Background: Neonatal endotracheal intubation is a necessary skill. However, success rates among junior doctors have fallen to <50%, largely owing to declining opportunities to intubate. Videolaryngoscopy allows instructor and trainee to share the view of the pharynx. We compared intubations guided by an instructor watching a videolaryngoscope screen with the traditional method where the instructor does not have this view.
Methods: A randomized, controlled trial at a tertiary neonatal center recruited newborns from February 2013 to May 2014. Eligible intubations were performed orally on infants without facial or airway anomalies, in the delivery room or neonatal intensive care, by doctors with <6 months' tertiary neonatal experience. Intubations were randomized to having the videolaryngoscope screen visible to the instructor or covered (control). The primary outcome was first-attempt intubation success rate confirmed by colorimetric detection of expired carbon dioxide.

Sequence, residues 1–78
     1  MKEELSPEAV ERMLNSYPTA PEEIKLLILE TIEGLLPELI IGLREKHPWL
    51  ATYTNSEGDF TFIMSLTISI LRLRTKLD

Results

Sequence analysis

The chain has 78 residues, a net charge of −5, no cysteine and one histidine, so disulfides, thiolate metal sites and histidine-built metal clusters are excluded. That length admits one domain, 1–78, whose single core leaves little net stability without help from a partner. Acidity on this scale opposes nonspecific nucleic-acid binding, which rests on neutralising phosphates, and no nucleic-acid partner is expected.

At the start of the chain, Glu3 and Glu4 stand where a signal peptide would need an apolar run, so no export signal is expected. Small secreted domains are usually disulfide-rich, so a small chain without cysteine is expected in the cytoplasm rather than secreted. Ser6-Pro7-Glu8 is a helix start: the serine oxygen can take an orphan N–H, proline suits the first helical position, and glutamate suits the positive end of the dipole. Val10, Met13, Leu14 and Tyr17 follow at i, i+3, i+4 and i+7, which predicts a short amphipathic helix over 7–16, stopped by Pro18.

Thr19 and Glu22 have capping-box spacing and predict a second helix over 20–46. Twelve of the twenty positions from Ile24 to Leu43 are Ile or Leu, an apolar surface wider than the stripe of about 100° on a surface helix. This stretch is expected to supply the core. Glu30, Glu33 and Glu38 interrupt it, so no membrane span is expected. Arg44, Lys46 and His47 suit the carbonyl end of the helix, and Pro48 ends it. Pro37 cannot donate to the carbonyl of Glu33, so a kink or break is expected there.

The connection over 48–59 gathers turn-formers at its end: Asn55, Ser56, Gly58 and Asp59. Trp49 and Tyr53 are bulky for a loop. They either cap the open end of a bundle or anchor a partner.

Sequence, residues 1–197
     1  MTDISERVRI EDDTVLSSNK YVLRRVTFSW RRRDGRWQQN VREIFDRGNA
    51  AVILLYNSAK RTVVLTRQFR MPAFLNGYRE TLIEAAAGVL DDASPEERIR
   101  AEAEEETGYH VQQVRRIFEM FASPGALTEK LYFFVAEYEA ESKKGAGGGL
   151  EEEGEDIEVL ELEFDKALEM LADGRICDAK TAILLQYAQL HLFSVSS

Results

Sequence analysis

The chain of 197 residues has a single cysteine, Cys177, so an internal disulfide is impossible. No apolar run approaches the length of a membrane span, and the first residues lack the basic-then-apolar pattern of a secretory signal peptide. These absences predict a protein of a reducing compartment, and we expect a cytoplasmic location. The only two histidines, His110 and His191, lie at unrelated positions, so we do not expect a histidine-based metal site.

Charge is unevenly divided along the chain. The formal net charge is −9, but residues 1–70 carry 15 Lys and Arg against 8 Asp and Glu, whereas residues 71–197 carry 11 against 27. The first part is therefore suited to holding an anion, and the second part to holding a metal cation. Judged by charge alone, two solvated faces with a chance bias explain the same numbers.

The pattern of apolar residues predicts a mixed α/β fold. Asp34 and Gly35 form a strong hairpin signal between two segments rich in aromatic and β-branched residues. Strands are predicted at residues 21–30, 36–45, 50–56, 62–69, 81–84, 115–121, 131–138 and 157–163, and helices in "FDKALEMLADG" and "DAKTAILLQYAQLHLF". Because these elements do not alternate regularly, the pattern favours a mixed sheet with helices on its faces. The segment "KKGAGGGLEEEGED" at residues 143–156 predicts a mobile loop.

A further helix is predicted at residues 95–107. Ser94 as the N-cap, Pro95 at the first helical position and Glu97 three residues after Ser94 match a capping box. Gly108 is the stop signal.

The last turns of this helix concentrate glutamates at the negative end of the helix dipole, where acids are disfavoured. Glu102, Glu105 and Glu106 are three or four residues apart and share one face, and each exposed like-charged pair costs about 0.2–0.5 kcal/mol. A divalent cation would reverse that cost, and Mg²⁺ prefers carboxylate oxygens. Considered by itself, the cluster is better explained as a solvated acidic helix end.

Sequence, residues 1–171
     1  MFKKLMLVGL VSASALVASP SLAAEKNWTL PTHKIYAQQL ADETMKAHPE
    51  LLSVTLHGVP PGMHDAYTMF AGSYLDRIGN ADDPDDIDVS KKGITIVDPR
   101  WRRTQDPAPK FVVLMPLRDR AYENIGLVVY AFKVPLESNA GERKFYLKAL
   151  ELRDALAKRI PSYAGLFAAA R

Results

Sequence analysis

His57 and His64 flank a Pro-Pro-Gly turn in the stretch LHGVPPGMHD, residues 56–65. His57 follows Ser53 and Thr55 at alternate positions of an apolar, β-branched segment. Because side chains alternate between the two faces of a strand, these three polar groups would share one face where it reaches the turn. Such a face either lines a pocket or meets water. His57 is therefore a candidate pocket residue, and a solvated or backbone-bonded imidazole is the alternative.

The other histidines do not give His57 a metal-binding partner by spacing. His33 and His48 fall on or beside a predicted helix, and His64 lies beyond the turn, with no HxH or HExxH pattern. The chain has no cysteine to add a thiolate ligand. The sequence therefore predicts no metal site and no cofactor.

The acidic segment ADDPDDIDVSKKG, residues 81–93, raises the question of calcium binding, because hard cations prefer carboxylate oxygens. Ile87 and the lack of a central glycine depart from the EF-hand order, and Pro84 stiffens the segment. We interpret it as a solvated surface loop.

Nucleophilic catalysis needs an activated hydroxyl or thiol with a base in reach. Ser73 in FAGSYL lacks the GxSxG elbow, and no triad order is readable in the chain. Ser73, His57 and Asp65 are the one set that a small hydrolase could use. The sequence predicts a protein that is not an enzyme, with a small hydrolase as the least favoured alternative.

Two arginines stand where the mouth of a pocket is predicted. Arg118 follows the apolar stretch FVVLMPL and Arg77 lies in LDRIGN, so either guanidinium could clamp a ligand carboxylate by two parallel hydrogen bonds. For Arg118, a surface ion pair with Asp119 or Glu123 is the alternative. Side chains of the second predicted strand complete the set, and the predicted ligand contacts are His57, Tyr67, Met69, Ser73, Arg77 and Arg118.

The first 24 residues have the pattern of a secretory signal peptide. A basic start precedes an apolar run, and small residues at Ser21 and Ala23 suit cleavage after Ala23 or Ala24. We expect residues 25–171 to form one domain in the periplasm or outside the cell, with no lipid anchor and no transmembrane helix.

Results: Two hundred six first-attempt intubations were analyzed. Median (interquartile range) infant gestation was 29 (27 to 32) weeks, and weight was 1142 (816 to 1750) g. The success rate when the instructor was able to view the videolaryngoscope screen was 66% (69/104) compared with 41% (42/102) when the screen was covered (P < .001, OR 2.81, 95% CI 1.54 to 5.17). When premedication was used, the success rate in the intervention group was 72% (56/78) compared with 44% (35/79) in the control group (P < .001, OR 3.2, 95% CI 1.6 to 6.6).
Conclusions: Intubation success rates of inexperienced neonatal trainees significantly improved when the instructor was able to share their view on a videolaryngoscope screen.
Copyright © 2015 by the American Academy of Pediatrics.